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The Cardinal Times

Makerspace slated to close due to budget cuts

Addison Locke
Makerspace advisor Joseph Hewitt in the Lincoln Makerspace. Hewitt is the facilitator of the Makerspace and assists students and teachers in creating unique projects like furniture, coasters, engines and more!

The Makerspace, a resource for students and teachers alike, contains tools such as computer numerical control machines, embroidering machines, 3D printers, laser cutters and more. Joseph Hewitt, facilitator of the Makerspace, is there to guide students with their projects and machines. The space is open to all students during the school day.

Makerspaces were added into new Portland Public Schools (PPS) schools in 2012 when the Bond Project, a project created to upgrade and modernize infrastructure within PPS, first started. Although the space has only been officially open for one year, proposed budget cuts will close the space for the 2024-2025 school year.

According to KGW, “Portland Public Schools announced it will cut $30 million of its budget. Half of the budget cuts will be to the central budget office, cutting about 6% of the central operations budget, the other $15 million will come from cuts to schools, about 2% of the school-based budget.”

Hewitt was made aware of the budget changes by Lincoln Administration.

“They said, ‘Hey, we want to let you know this is kind of the way things are looking and we want to prepare you for that.’ Reaching out to the other Makerspace facilitators, they were having the same conversations with their staff,” said Hewitt.

Because of budget cuts, the Makerspace would not receive compensation from the district as there is no allocated budget.

“A couple weeks ago, I talked with [Principal Peyton Chapman] directly, and right now, the district is not putting a budget for the Makerspace next year,” he said. “That means that positions like mine, as well as the access to materials that we currently have, is gone.”

These budget cuts will be detrimental to students who frequent the Makerspace like senior B Bleiler who has used the Makerspace almost everyday this year and has found it to be a vital tool to their creative endeavors.

“Joseph also has information on a lot of different topics among creative things so I use it as an information room for creativity,” said Bleiler. “I’m making a dress for IB art. I’m going to have Joseph’s help with making a pattern and 3D print some objects that are going on the dress.”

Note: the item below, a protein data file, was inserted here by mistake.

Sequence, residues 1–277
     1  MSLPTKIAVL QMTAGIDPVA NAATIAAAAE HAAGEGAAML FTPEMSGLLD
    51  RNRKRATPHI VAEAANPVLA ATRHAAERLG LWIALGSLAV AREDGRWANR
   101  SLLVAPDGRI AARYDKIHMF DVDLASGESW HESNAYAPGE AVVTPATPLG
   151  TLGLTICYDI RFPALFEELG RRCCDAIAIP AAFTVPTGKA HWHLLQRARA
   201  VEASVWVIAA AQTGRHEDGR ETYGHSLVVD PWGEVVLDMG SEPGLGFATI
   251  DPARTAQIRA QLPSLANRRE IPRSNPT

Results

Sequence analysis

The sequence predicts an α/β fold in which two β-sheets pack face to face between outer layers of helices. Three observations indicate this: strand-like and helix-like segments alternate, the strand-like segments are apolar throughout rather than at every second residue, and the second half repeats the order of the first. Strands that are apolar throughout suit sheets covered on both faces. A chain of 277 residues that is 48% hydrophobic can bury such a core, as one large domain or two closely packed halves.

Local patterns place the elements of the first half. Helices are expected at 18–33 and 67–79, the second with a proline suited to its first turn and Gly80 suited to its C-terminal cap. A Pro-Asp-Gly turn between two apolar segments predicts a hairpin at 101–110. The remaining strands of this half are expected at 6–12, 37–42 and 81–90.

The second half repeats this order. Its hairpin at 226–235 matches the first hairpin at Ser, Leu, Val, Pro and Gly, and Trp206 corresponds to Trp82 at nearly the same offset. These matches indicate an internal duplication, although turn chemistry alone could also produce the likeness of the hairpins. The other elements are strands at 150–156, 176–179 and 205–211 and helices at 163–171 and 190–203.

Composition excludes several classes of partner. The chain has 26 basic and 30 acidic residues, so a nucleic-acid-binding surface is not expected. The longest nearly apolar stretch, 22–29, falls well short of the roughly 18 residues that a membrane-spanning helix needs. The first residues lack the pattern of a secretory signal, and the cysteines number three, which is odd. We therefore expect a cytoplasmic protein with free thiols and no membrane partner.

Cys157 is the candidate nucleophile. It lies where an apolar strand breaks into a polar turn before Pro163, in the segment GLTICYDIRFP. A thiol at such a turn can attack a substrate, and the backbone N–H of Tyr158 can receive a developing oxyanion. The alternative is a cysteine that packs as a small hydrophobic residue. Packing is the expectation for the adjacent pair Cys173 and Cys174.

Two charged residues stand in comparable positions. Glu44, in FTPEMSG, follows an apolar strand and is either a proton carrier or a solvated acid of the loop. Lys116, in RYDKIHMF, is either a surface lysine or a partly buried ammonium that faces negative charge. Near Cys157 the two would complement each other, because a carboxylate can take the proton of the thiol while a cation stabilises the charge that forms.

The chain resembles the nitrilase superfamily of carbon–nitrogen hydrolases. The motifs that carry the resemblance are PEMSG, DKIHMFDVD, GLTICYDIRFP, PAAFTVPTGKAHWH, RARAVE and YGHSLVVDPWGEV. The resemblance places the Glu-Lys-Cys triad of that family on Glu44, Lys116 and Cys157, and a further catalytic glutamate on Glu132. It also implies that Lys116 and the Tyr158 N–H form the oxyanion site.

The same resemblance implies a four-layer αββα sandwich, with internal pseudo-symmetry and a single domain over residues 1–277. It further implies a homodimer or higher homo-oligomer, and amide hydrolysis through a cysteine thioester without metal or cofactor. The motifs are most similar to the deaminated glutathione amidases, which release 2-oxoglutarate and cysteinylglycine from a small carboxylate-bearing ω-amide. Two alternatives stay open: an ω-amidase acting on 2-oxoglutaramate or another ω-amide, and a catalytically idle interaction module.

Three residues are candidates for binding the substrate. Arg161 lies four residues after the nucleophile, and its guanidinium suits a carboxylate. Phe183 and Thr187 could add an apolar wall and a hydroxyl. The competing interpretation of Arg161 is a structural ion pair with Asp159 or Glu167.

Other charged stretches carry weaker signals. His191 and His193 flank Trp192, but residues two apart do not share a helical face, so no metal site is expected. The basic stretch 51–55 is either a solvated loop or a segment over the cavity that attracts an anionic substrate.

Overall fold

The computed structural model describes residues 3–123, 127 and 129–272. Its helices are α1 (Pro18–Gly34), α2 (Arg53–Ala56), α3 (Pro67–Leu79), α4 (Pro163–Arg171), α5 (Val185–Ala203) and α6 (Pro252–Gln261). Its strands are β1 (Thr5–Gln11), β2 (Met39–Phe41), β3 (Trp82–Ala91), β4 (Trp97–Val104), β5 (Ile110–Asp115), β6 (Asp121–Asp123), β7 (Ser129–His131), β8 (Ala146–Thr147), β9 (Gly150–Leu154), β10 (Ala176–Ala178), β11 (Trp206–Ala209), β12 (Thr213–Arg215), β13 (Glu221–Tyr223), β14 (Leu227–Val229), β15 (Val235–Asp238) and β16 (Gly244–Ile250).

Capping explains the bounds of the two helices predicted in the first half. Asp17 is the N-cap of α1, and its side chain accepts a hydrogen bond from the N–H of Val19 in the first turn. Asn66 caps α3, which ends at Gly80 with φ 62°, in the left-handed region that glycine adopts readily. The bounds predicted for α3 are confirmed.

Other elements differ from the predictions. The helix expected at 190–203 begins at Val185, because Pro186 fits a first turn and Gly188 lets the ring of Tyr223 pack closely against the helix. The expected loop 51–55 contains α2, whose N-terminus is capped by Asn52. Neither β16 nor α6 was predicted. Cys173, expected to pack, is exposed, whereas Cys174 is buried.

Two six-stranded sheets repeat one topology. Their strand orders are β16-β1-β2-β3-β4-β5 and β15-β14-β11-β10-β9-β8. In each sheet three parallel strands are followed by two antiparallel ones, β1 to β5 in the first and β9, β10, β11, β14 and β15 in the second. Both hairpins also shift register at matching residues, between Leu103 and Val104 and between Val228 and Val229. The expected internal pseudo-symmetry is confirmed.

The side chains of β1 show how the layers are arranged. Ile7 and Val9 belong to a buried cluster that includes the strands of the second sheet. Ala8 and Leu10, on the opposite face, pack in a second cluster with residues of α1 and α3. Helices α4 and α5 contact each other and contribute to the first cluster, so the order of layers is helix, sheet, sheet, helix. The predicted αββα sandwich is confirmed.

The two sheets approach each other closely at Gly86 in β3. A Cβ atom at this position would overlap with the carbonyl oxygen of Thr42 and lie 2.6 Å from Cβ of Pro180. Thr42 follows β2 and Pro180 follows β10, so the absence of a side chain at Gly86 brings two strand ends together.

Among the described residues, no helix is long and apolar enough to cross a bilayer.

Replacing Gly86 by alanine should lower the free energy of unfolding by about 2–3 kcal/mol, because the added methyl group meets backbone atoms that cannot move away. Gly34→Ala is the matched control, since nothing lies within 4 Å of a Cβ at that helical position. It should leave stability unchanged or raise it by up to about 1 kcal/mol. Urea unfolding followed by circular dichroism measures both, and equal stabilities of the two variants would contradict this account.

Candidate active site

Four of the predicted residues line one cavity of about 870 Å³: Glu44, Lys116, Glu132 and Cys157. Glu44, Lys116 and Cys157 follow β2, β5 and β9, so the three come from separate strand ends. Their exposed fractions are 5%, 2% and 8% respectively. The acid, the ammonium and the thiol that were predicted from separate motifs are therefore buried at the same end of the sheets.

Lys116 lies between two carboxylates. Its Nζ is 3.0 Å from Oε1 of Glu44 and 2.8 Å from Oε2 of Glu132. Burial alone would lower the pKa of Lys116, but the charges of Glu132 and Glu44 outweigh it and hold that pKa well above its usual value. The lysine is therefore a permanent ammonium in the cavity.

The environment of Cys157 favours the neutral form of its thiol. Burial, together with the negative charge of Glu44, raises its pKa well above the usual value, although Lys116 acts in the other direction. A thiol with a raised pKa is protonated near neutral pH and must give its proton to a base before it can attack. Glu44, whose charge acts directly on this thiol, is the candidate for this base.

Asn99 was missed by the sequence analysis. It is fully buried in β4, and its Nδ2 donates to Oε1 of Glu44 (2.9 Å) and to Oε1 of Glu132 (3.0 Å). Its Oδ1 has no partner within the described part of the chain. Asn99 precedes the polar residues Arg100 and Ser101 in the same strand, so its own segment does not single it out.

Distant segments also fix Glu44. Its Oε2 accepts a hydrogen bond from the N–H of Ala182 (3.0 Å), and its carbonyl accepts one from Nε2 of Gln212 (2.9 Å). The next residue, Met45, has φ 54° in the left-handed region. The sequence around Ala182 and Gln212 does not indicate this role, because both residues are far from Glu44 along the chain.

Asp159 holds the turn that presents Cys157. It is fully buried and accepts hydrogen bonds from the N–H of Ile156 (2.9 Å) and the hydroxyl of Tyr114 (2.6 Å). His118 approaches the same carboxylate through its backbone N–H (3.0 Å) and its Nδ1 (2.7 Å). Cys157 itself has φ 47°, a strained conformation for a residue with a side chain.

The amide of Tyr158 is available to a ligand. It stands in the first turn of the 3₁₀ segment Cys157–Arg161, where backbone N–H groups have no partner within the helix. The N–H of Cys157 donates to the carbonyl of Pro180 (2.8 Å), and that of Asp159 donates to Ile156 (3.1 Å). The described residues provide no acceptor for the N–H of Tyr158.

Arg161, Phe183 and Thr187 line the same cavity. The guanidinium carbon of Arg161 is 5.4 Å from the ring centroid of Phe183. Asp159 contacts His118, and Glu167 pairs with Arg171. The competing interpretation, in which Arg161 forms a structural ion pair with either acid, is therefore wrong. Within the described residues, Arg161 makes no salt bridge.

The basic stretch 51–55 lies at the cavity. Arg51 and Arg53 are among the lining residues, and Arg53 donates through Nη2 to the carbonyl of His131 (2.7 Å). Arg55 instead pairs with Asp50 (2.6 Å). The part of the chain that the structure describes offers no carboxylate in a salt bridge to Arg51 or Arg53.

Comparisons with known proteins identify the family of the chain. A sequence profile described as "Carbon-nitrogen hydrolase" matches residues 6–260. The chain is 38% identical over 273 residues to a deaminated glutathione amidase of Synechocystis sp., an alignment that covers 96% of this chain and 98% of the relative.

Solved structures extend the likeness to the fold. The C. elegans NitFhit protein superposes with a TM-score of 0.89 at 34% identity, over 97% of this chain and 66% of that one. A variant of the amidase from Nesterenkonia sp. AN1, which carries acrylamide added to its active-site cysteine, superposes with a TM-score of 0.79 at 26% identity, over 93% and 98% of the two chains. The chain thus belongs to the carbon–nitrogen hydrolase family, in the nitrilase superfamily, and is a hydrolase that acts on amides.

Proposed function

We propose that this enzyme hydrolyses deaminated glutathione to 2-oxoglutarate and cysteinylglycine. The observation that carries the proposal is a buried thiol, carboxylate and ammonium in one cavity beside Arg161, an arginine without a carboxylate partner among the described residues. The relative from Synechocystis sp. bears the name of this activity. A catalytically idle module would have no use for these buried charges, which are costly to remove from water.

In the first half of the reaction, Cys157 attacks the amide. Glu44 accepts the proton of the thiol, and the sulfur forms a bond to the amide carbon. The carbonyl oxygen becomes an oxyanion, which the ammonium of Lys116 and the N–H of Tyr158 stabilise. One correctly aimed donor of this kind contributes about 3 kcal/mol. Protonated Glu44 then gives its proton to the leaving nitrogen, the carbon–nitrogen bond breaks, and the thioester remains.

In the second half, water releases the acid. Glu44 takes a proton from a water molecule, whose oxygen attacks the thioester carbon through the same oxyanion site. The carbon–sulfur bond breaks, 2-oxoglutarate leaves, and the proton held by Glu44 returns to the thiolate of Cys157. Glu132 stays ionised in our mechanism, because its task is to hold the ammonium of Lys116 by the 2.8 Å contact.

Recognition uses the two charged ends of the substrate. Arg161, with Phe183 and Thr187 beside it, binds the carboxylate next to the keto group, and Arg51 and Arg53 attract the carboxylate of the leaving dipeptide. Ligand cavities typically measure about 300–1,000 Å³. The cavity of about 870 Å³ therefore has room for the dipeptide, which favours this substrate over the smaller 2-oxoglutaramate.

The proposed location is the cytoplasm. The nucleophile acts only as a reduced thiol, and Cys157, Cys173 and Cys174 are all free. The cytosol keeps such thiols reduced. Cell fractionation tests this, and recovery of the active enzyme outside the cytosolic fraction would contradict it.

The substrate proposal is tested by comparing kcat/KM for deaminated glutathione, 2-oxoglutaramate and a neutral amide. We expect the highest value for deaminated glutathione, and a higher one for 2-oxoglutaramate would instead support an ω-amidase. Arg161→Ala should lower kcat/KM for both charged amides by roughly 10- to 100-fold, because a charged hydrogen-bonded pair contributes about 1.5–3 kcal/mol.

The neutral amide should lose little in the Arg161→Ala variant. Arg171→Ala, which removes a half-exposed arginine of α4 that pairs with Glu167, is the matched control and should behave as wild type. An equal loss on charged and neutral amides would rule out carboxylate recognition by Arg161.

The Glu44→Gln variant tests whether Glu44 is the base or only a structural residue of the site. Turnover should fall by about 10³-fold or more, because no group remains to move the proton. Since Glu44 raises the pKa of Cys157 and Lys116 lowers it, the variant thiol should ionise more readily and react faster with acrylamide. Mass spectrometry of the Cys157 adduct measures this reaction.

Students are passionate about the Makerspace. Oscar Felt, a senior, helped Hewitt collect signatures for a petition to keep the space open.

“Joseph [Hewitt] made petitions to show the amount of people who like the Makerspace and want to see it around and not close down next year. It’s a visual amount of people that care about the Makerspace,” said Felt.

Chapman believes that the Makerspace has been transformative and hopes that there will be a solution to keep it open and Hewitt employed.

“I’m dedicated to finding a way to keep Joseph here. He is one of those rare super talented humans that just connects with kids and school communities,” said Chapman. “Usually we are able to find a solution that supports kids and programs. If there is a person and it is possible, our team will keep working on it. I’ve asked for support with the district CTE office so we will see.”

Senior Cole Pickett is an avid user of the Makerspace for robotics and other STEM focused projects. He stresses the importance of not only the Makerspace as a community, but the learning environment as a whole.

“It’s not the Makerspace itself, it’s the people who run it and the community there. Joseph Hewitt is the supervisor and he is super welcoming to new students. I think that it’s people like him that foster this learning environment for students to be able to learn these skills,” said Pickett. “I think defunding it would be a mistake.”

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About the Contributor
Addison Locke
Addison Locke, Managing Print Editor
Addison is a senior this year. She is excited for line dancing, and loves going up to random people in the hallway and asking for their opinions! Contact by emailing [email protected] and put the reporter's name in the subject line.

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    RubyApr 2, 2024 at 9:44 am

    so sad its leaving next year I go there all the time to take a break and do some fun work on random projects